Disqualification of director by ASIC reversed – 3 key lessons
By Sarah Sherman
It is not often the Administrative Appeals Tribunal (AAT) overturns a banning order issued against a director by ASIC. Lawyer Sarah Sherman explores a recent decision where the AAT overturned ASIC’s disqualification of a director and features three key lessons for directors which may afford protection if their company is ultimately wound up.
Three key lessons
- Lesson 1: A director is not ‘passive’ just because they delegate their day-to-day duties.
- Lesson 2: Directors should be diligent in dealing with co-directors.
- Lesson 3: The detrimental impact of a banning order on other companies may be relevant grounds to oppose disqualification.
Wang was the director of, among others, four companies that entered liquidation throughout 2019. The liquidators for each company estimated the distributions to unsecured creditors to be zero cents in the dollar.
On 21 January 2022, ASIC disqualified Wang from managing corporations for five years because Wang contributed to the failure of the companies by—
- delegating his duties and relying heavily on his co-directors
- not appropriately involving himself in the management of the companies, and
- failing to understand the obligations, duties, and responsibilities of a director.
ASIC said it was against the public interests to allow a director of multiple failed companies to continue managing corporations. Wang sought a stay of ASIC’s decision, with the AAT ultimately setting aside the banning order.
This article explores three key learnings arising out of the decision.
Lesson 1: A director is not ‘passive’ just because they delegate their day-to-day duties
Wang argued he delegated day-to-day management of one of the companies to his co-directors over the first two years of his directorship and was more involved with making high-level decisions about the overall performance of the business.
ASIC said this was an admission Wang was a ‘passive’ director and was completely uninvolved in managing the company in question, and this contributed to its failure.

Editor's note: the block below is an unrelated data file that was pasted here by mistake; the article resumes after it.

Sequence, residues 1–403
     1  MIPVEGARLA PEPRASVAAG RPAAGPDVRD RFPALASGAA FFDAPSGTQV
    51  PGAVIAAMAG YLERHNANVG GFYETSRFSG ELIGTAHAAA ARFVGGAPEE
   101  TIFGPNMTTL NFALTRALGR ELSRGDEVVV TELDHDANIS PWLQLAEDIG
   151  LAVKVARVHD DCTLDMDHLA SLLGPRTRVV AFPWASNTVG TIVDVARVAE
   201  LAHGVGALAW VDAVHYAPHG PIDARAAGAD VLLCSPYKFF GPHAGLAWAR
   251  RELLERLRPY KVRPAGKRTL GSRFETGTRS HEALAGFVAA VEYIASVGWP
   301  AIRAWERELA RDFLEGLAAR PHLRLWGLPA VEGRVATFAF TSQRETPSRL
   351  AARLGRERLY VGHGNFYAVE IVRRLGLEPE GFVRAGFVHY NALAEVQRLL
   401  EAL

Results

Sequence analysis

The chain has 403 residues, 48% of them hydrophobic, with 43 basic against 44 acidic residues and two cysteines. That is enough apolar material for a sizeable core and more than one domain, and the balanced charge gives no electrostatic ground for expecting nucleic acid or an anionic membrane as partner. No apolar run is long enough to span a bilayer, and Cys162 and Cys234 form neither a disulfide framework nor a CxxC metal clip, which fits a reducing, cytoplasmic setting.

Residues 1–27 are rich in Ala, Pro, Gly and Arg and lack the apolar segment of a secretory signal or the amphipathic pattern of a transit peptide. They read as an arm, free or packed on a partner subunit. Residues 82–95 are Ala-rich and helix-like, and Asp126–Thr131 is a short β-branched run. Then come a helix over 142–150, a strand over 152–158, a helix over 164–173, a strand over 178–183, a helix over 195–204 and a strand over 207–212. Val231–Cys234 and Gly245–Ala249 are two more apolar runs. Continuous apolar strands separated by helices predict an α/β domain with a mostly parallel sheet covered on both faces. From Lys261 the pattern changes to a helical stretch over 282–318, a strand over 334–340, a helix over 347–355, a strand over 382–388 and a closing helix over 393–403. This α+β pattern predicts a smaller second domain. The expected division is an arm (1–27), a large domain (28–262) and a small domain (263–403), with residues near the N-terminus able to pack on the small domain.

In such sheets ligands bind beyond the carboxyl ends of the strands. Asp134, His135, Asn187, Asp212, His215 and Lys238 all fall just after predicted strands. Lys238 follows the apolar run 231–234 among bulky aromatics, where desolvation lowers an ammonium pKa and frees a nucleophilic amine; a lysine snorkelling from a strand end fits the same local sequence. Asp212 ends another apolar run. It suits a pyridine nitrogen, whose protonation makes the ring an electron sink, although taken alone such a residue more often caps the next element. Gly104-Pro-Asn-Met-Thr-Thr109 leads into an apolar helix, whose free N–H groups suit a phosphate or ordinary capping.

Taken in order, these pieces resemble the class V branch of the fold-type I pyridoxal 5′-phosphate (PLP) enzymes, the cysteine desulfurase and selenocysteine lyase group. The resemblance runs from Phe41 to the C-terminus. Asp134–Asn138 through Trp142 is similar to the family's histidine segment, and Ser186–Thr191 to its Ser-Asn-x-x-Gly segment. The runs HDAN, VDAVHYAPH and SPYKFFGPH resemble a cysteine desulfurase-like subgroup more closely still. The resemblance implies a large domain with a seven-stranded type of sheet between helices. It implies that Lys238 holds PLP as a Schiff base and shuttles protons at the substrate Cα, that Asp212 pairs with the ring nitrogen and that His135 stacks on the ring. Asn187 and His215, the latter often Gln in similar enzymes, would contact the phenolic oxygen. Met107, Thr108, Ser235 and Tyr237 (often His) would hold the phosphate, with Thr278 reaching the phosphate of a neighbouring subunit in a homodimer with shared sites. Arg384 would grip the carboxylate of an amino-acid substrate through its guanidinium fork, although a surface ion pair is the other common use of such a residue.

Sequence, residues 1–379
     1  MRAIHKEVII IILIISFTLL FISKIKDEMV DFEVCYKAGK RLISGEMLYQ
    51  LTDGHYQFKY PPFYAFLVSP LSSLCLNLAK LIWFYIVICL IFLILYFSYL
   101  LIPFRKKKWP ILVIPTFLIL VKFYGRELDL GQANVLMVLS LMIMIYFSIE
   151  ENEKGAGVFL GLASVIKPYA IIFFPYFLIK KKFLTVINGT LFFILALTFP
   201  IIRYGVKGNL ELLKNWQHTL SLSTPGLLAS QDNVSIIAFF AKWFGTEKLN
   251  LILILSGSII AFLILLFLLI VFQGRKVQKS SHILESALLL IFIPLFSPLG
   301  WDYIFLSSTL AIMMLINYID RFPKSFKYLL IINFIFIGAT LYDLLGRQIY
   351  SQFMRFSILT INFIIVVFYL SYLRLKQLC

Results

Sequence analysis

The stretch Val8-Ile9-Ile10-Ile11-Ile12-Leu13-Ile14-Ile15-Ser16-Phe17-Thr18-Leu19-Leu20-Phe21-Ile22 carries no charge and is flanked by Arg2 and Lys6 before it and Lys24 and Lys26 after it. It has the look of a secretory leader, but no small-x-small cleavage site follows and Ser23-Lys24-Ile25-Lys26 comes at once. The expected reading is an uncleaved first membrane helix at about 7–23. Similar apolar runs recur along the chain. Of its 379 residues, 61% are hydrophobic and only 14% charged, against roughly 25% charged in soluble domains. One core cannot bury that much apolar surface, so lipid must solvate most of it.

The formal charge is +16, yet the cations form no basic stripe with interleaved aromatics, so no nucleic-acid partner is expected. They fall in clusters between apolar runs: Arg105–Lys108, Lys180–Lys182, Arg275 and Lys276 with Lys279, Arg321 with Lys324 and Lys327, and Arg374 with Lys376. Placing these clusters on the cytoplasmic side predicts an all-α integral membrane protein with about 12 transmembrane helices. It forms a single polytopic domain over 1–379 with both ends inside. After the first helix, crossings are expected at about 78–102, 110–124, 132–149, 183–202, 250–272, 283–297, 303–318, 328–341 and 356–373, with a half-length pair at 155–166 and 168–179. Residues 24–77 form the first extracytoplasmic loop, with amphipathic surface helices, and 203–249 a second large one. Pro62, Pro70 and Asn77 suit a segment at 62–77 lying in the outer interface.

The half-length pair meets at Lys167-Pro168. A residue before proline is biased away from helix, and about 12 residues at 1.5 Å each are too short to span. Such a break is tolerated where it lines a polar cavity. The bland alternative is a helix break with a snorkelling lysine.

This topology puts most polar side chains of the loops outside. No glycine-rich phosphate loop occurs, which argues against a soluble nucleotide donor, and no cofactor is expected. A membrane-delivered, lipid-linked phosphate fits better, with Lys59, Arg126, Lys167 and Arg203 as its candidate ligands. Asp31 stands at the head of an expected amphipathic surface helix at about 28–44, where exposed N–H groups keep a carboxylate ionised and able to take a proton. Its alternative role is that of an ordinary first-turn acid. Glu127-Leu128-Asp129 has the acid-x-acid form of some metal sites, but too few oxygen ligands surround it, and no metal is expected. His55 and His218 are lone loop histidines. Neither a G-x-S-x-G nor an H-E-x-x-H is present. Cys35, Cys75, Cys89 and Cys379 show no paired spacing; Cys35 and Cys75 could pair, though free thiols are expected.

The AAT disagreed, finding directors are entitled to delegate certain duties to others. Because Wang always participated in board meetings, considered company financial statements, and satisfied himself the company maintained proper books and records, the Tribunal said he had taken reasonable steps to monitor company affairs and was not merely a passive director.
Directors can take comfort in knowing they are unlikely to be penalised if they delegate or divide some duties between themselves, provided they remain aware of their overarching responsibilities and the financial position of the company.
Lesson 2: Directors should be diligent in dealing with co-directors
ASIC argued Wang’s delegation of his duties created an ‘oversight vacuum’ which allowed two of his co-directors to engage in misconduct, including falsifying sales through duplicate invoices and increasing their own wages when the company was not profitable.
Despite concluding there was insufficient evidence the co-directors had breached the Corporations Act, ASIC argued Wang was still liable because he failed to manage the company’s financial affairs.
The Tribunal said Wang applied an ‘enquiring mind’ in dealing with information provided by the co-directors. Wang had consistently raised discrepancies with financial reports and ultimately reported the co-directors to the police following their resignation. The Tribunal said the co-directors, not Wang, failed to discharge their duties in good faith and in the best interests of the company.
Directors should ensure they maintain a high level of diligence and scrutiny when dealing with co-directors and other company executives, including taking action where appropriate, to best protect against allegations of breach of duty.
Lesson 3: The detrimental impact of a banning order on other companies may be relevant grounds to oppose disqualification
Wang relied on evidence about his role as director of a separate company, Advanced Circular Polymers (ACP). This included evidence:
- Wang had engaged a business coach to give him management training and subsequently formed an advisory board to provide advice on company strategy, budgeting, and risk management.
- If upheld, Wang’s disqualification would have adverse consequences not only for his personal reputation and financial interests, but also for ACP, its stakeholders, and its 81 employees.
ASIC did not object to this evidence but said Wang’s disqualification would not prevent him from working in the business of ACP, albeit in a different capacity.
The Tribunal placed importance on the fact Wang was the principal and guiding mind of ACP. Even if Wang maintained an alternative role in the company, disqualification would limit the tasks and functions he could undertake which would be harmful to the viability of the business.
Wang’s effective management of ACP convinced the Tribunal he did understand his obligations, duties, and responsibilities as director, and therefore (in combination with other factors) the banning order should be overturned.
Wang’s ongoing diligence in the day-to-day management of the companies and his dealings with the co-directors, coupled with his effective and skilful management of ACP, ultimately spared him from disqualification.
This decision provides directors with comfort that to fulfil their duties as directors they do not have to personally undertake every task expected of a director. Directors should note this was considered in the context of a banning order and may not apply in the case of an action for breach of director’s duties.
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